While tax season requires taxpayers to get all of their documents in order and ready for filing, it’s also important to be aware of tax withholdings for the 2023 tax year.
The Internal Revenue Service (IRS) explained that any number of factors can affect how much taxpayers owe in a given year – changing filing status, changing living situation, having a child, changing jobs, etc. However, to avoid penalties and having to make additional tax payments, it’s important for taxpayers to know just how much they’re withholding this year.
Estimated payments can help taxpayers avoid penalties
Taxpayers have two primary options when it comes to paying taxes: withholding taxes from paychecks, pensions, or government payments like Social Security, or by making estimated tax payments.
For taxpayers who have experienced a major life change within the last year – changing their filing status (single to married or vice versa), having a child, moving, changing jobs – or for those who are self-employed or work in the gig economy, taxes are likely to look different. The IRS encourages taxpayers to look at their current withholdings and think about how to best approach their taxes for the new year.
For those who don’t choose to either withhold more taxes or make estimated tax payments, the result is likely going to be a rather large tax bill when it comes time to file. To avoid this, the IRS encourages taxpayers to consider estimated tax payments or increasing withholdings.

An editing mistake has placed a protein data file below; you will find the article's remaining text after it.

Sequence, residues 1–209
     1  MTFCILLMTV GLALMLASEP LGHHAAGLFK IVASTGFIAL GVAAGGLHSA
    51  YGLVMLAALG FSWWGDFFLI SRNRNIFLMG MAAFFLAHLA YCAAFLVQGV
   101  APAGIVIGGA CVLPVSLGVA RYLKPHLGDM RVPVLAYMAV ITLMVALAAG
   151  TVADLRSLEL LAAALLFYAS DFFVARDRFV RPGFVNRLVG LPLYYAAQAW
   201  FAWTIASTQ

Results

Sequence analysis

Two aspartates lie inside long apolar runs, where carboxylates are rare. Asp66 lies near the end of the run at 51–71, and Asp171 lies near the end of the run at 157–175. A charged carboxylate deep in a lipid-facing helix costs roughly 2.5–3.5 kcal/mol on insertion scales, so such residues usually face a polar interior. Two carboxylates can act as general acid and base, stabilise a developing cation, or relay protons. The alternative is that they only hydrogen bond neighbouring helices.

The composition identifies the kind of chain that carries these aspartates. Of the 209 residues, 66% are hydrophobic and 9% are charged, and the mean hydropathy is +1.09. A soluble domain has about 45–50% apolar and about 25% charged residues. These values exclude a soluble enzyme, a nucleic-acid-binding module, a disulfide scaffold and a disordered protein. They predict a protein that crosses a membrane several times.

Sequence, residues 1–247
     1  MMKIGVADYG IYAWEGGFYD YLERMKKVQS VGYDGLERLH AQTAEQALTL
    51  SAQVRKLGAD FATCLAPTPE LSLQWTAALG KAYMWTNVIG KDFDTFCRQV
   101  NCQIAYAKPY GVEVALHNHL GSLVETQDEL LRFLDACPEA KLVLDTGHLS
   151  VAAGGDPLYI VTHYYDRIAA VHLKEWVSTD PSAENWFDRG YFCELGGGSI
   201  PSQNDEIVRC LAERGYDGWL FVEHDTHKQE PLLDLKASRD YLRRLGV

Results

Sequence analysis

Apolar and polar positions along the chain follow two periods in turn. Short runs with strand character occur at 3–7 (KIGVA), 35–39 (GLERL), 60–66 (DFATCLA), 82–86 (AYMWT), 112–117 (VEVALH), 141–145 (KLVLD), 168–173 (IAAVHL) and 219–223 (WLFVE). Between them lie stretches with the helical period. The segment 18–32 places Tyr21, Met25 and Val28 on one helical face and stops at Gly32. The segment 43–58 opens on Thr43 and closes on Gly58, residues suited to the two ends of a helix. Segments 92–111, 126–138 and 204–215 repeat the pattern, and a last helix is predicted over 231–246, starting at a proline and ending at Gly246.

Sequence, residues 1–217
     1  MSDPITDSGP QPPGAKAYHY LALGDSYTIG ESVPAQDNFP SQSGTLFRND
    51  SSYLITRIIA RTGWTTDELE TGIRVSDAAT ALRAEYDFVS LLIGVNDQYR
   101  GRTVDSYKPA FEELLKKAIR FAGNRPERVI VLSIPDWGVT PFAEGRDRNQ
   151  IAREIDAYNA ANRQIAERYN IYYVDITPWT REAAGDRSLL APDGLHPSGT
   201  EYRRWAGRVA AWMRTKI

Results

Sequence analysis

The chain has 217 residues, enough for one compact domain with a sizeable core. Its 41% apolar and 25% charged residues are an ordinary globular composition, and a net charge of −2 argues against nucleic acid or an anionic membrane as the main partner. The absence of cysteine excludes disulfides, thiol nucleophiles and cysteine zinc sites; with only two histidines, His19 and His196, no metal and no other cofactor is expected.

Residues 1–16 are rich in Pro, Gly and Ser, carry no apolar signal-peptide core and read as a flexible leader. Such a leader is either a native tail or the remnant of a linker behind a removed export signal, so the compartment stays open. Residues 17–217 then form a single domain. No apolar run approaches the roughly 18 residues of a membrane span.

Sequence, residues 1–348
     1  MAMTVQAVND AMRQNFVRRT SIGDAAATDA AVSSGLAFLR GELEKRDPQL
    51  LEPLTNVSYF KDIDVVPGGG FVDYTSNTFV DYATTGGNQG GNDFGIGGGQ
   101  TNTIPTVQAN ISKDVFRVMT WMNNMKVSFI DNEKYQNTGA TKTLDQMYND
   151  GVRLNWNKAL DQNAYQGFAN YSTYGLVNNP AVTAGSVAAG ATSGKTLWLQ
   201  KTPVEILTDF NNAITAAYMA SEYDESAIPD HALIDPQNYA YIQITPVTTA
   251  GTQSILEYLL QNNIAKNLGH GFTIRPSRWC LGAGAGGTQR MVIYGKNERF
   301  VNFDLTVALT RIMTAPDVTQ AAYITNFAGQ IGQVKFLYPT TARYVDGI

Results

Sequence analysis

The Tax Withholding Estimator can help taxpayers get a better idea of whether or not they need to up their withholdings or think about incorporating estimated tax payments.
Utilizing the adoption tax credit
When it comes time to file 2022 taxes this year, taxpayers who have adopted children should be mindful of the adoption tax credit. The maximum credit for 2022 is $14,980 per child, and it is valid for U.S. taxpayers regardless of whether or not the adoption was domestic or foreign.
Expenses that can be deducted under the credit include:
Court costs and attorney fees
Traveling expenses (including meals and lodging away from home)
Reasonable and necessary adoption fees
Other expenses related to the principal purpose of the legal adoption of an eligible child
More information on income limits, timing rules, and claiming the credit is available here.